The blockwork finished

Laying the Blockwork

Saturday June 13

Dial a local

We had a very wet start to winter. I knew Greg (the builder) was nervous about the weather. We had waited anxiously as the start date rolled around – thankfully the time coincided with the rain clouds rolling away and the sun and wind coming out to play. The usual bricklayer that Greg used was on holiday, and because of the previous bad weather he hadn’t yet organised a replacement brickie. Again: step forward a local! On the afternoon the footings were poured I contacted Trent (he also went to the same school) to see if he could lay the blockwork sometime over the next few days – he said he could be onsite the next morning!

 

Setting up

Setting up. The yellow caps on top of the steel reinforcing are for safety

 

Equipment and materials for mixing the mortar: sand, water, cement, mixer, generator (power)

Equipment and materials for mixing the mortar: sand, water, cement, mixer, generator (power)

Good fortune

Apparently it is supposed to bring good luck or good fortune to the building and its occupants if you place a coin under the corner of the building when the first block or brick is laid. That may just be a bricklayer’s superstition but I liked the idea and tradition – there is a $1 coin beneath the first corner block, embedded in the mortar.

 

The first block!

The first block! Because the site is sloped the footings are stepped

 

Cutting blocks

Cutting blocks

 

Bricklayers charge per brick or block they lay and how many metres of cutting they need to do.

 

Design Tip: Try to consider designing in units or modules that materials come in: bricks 230mm (without mortar) and blocks 400mm (including mortar), sheets of plasterboard or plywood 1200mm, etc. This will minimise material wastage, reduce labour costs for time needed to cut materials to size, and make for a neater finish (no 1/3 bricks, etc).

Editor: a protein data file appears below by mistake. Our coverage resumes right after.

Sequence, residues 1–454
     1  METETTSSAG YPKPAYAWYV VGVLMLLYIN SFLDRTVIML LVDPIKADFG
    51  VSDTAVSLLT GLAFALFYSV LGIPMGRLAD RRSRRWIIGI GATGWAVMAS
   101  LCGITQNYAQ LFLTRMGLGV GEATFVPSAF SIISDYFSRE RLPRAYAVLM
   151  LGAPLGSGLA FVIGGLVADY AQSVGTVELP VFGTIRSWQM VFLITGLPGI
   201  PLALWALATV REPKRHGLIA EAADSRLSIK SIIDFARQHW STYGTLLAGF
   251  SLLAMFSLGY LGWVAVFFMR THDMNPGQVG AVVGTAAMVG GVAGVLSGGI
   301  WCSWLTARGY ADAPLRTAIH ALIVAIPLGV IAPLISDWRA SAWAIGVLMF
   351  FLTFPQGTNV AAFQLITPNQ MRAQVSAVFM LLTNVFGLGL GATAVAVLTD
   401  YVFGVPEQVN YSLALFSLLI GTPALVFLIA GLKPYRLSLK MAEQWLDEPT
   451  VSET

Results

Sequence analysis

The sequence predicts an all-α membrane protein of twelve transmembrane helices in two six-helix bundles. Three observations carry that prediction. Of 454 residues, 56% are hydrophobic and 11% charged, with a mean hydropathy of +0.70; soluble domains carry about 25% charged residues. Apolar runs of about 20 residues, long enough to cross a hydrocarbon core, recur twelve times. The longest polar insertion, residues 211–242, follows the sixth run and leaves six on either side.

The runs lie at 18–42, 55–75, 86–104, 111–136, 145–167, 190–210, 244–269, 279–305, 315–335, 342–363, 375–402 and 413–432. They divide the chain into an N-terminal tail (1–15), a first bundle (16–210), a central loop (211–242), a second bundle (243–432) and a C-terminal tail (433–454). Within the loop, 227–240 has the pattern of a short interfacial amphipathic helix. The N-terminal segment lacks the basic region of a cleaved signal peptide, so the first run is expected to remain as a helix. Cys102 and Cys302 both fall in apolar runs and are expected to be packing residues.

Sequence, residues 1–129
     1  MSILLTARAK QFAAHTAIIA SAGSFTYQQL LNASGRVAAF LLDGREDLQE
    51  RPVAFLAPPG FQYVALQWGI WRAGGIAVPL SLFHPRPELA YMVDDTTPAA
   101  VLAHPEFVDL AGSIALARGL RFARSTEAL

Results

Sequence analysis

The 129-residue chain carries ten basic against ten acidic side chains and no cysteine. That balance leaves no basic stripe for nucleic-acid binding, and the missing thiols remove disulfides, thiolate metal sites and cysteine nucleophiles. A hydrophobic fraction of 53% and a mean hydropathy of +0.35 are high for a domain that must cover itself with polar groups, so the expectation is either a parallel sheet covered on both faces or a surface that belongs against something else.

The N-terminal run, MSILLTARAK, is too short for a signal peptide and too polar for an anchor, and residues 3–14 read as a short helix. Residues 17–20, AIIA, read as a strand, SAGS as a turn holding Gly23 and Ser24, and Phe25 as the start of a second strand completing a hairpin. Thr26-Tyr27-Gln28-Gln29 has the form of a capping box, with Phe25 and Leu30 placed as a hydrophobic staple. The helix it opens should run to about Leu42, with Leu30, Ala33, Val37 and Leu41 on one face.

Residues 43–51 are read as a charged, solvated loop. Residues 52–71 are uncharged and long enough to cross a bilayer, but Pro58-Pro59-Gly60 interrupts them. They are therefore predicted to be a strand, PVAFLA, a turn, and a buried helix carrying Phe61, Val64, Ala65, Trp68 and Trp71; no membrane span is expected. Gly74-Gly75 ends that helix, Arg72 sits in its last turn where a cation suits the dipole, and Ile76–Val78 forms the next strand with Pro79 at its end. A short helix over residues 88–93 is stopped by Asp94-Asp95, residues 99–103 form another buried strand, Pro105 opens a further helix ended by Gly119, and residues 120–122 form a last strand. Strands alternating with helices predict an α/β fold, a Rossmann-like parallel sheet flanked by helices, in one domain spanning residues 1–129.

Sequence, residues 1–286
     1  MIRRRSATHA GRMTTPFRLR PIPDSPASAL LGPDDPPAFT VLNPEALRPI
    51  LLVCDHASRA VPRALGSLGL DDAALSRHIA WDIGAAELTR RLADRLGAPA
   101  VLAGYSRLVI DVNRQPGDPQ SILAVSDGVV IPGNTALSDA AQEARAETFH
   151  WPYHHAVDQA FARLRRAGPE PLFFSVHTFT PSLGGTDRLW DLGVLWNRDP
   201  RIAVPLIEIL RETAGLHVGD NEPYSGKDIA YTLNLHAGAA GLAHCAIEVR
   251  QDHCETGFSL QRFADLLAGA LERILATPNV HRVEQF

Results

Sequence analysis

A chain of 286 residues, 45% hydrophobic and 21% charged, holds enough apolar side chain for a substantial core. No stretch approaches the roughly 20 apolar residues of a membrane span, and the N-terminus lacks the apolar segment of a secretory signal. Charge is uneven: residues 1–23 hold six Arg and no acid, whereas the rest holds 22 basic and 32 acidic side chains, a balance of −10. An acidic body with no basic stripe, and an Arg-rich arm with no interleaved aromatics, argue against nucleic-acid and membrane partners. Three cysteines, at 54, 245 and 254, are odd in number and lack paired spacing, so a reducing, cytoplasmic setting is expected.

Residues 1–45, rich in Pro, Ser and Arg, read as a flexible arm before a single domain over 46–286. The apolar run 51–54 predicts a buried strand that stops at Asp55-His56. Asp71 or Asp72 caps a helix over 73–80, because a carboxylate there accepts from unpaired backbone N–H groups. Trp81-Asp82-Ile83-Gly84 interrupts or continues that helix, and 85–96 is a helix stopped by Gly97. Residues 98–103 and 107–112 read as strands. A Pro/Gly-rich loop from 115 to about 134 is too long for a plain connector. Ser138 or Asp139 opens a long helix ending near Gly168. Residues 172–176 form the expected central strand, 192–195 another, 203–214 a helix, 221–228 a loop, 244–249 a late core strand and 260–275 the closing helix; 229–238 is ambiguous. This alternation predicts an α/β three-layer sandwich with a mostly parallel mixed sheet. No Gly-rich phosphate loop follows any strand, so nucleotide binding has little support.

Scott laying the top course of blocks

Scott laying the top course of blocks

 

Trent 'pointing' the blocks (finishing off the joints)

Trent ‘pointing’ the blocks (finishing off the joints)

What are you going to see?

There are a variety of different types of finish for bricks or blocks, but they can be narrowed down to two main types: applied finish or natural finish. An applied finish is when you add a coat to cover the bricks, such as a render or paint. In that instance the bricks don’t need to be kept clean or finished to a high standard because they will be covered up. A natural finish requires more care to be taken when laying the bricks and finishing the mortar joints in between. As a designer I prefer the honest expression of materials – let the material be what it is.

 

A beautiful straight, level blockwork wall

A beautiful straight, level blockwork wall

 

The finished blockwork

The finished blockwork

 

The invoice...

The invoice…

 

Costs: blocks – $953; sand and cement – $430; bricklaying – $790

 

Disclaimer: Any advice contained within this blog is of a general nature only and cannot be relied upon. Details provided are in good faith and relate specifically to this project. Any author will not be held responsible for advice or information presented.

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